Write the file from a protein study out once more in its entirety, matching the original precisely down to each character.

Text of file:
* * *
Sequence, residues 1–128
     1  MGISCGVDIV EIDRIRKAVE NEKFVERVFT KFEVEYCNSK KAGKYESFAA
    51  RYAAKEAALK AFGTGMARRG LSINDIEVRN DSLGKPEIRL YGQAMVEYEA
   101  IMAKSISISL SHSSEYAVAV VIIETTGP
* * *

Sequence, residues 1–128
     1  MGISCGVDIV EIDRIRKAVE NEKFVERVFT KFEVEYCNSK KAGKYESFAA
    51  RYAAKEAALK AFGTGMARRG LSINDIEVRN DSLGKPEIRL YGQAMVEYEA
   101  IMAKSISISL SHSSEYAVAV VIIETTGP